"Vous pouvez aller où vous voulez."

Translation:You can go wherever you want.

March 8, 2013

This discussion is locked.


so "you may go where you like" and "you can go wherever you like" are acceptable, but "you can go where you like" isn't?? what's up with that?


you have to report anything you know is wrong, that way it can be corrected -there is a button for reporting things at the leftside corner. (not in this commentsection^^)


I don't like this type of response. As a non-native speaker, I frequently don't know whether a given response is wrong for some subtle reason. I think these comments are a great place to vet potential reports.


I agree with Lilithly. People should report more often. I understand Krashman's position: not knowing whether a response is wrong for a subtle reason. I have received a few replies that my report was correct, so it's worth a try.


I like the audio for this sentence.


Lol the audio sounds cruddy for "où"...


It's a bit of a tongue twister alright :-)


What about the liason in "pouvez aller"?


Yes, the liason was missed here.


After reading the liaison comments, I found this which says liaison between pouvez and aller here is optional (type II): http://french.about.com/library/pronunciation/bl-liaisons-o.htm


Because "pouvoir" means to be able to.


While technically correct, the usage of "can" and "may" is virtually interchangeable in everyday speech. Either should be accepted.


As an English speaker, "may I...?" and "can I...?" do not carry the same meaning. Subtle, but true. May conveys the sense of "am I allowed to...?" whereas Can conveys the sense of "am I able to...?" So I do see your point in saying that they are "virtually" interchangeable, but I feel that "virtually" might be going a bit far.


If I can go where I want, then I should also be able to go where I like.


they are different though. they are interchangeable in meaning most of the time, but they are different.


What do you think about : "You can go anywhere you want." Is that incorrect or bad english?


Why can I not substitute "may" with "can"?


Is "you can go everywhere you want" wrong? It seems that an "English from English" course is required before this course!


Ou means where like d'accorde means ok so where did wherever come from ?


I thought it was "allez" and it still made sense when I tried the dictionary


I'm sorry but où and vous sound exactly the same here, terrible audio on the french course compared to Spanish :(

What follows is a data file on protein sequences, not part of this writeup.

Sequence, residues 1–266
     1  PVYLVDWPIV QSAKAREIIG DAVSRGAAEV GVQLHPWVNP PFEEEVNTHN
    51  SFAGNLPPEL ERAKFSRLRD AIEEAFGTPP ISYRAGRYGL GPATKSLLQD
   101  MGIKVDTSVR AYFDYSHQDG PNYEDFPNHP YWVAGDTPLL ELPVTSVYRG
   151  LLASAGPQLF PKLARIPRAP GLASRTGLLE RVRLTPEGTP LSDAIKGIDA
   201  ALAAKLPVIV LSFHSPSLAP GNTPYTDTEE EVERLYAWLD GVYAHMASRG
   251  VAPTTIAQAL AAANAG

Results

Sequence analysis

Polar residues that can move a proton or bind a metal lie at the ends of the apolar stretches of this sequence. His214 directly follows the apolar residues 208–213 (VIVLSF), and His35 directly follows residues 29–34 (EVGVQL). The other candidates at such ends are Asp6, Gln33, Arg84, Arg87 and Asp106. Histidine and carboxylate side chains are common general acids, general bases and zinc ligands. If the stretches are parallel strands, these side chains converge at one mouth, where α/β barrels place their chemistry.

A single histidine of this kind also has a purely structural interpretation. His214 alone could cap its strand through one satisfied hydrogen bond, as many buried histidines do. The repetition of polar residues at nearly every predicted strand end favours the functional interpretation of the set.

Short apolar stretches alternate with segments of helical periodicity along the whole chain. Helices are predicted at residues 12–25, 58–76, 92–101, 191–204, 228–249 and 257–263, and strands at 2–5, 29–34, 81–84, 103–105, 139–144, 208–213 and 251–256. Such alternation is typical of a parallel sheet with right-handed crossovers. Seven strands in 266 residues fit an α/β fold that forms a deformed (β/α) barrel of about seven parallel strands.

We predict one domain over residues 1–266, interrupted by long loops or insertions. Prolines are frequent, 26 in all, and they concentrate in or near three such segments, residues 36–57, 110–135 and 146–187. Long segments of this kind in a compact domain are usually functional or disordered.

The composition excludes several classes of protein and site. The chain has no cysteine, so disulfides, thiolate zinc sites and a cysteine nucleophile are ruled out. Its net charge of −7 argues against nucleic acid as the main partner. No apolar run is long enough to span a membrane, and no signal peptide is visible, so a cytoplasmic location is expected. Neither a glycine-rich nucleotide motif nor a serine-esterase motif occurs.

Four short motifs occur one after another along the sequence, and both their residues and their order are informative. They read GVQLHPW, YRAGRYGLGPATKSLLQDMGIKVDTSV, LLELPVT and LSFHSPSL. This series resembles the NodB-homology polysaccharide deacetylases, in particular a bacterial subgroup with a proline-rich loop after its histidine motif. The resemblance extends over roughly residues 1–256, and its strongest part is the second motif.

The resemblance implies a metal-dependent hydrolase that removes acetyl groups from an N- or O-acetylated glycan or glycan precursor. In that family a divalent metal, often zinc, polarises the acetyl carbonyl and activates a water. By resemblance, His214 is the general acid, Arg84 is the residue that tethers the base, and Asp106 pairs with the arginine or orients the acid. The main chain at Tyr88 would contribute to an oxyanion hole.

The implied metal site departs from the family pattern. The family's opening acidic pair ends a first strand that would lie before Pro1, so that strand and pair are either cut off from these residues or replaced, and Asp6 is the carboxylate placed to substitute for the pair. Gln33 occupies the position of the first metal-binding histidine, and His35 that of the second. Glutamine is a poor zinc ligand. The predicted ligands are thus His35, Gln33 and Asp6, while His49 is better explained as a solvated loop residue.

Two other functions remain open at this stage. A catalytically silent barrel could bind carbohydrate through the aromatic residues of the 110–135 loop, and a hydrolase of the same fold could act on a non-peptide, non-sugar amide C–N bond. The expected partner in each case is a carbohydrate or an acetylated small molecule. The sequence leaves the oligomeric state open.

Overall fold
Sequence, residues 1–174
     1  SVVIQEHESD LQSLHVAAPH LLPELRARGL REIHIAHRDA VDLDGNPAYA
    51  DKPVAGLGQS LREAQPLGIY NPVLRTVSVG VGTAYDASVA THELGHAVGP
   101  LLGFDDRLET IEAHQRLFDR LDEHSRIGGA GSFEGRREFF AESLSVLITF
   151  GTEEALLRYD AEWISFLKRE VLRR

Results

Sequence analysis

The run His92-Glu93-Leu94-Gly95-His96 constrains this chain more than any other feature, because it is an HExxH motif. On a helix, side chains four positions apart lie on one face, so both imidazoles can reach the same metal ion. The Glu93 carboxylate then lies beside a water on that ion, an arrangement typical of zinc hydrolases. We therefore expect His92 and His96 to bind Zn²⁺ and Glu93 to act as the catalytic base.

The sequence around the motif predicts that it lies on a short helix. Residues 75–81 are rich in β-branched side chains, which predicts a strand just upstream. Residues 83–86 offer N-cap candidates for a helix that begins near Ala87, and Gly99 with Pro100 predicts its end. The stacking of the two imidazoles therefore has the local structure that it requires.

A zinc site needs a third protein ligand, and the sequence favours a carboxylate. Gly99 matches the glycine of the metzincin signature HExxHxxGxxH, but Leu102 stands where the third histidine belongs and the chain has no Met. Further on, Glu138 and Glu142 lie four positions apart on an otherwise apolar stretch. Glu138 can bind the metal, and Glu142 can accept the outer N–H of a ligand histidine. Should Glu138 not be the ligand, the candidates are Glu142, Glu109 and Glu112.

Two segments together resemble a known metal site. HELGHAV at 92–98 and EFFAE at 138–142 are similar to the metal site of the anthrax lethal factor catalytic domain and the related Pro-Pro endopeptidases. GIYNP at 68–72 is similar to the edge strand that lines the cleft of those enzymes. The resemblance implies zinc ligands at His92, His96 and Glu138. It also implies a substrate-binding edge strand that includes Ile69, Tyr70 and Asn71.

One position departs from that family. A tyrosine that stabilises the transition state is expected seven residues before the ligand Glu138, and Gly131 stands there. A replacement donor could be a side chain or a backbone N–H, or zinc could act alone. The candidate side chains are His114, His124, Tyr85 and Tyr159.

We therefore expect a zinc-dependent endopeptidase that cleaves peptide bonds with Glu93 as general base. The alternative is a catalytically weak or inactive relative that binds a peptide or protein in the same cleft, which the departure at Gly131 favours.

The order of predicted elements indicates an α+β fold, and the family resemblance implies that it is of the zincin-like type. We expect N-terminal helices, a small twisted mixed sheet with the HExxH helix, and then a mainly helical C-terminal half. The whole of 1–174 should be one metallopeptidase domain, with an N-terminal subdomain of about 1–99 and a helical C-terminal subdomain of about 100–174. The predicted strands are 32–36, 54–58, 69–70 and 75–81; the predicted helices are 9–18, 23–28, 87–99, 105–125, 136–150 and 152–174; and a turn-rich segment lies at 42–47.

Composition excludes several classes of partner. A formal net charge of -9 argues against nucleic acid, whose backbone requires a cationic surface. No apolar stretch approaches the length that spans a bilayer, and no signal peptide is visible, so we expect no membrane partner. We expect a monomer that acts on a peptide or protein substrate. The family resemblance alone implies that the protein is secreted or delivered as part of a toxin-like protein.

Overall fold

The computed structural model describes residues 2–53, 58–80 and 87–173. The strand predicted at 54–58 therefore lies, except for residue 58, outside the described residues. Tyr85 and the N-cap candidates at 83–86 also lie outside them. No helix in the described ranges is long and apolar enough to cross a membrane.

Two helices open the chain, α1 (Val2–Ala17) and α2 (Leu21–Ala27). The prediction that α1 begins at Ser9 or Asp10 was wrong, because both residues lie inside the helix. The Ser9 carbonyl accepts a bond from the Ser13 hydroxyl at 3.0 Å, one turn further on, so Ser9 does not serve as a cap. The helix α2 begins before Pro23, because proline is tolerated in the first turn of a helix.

Vous pouvez danser ou vous voulez~


Où not ou. You wrote "You can dance OR you want" :)


I always mix up "où" for "where" and "où" for "or."


Why no subjonctif here?


Please say this fast three times.


Is this supposed to be a tongue twister? It sure seems like it!


mine was wrong when i said You can go where ever you want.


I wrote 'You can go where you will' because I suspected that it would be marked wrong, but is perfectly correct English and should be accepted as correct. It means exactly the same as 'you can go where you wish' which was offered as the right answer.


I think you can go wherever you please should also be accepted as it has the same meaning in french


This sentence makes sense on all the options under "ou" that is "when and where" so why does it get marked wrong. I only tired "when"


That's because "où" has different functions. It means "where" as an interrogative word or a relative pronoun. It can also mean "when" but only as a relative pronoun.

  • Où allez-vous ? = Where are you going? (interrogative)
  • C'est la ville où j'habite. = This is the city where I live. (relative pronoun - where)
  • C'est la moment où je me suis échappé. = That is the moment when I escaped. → (relative pronoun - when)

In the sentence "You can go when you want", you can use "quand", but not "où".

Please understand that the Duolingo hints gives definitions of words used throughout the whole course. Just like using a dictionary, you must choose the appropriate meaning for the particular situation.


Why "everywhere" is not possible?

Learn French in just 5 minutes a day. For free.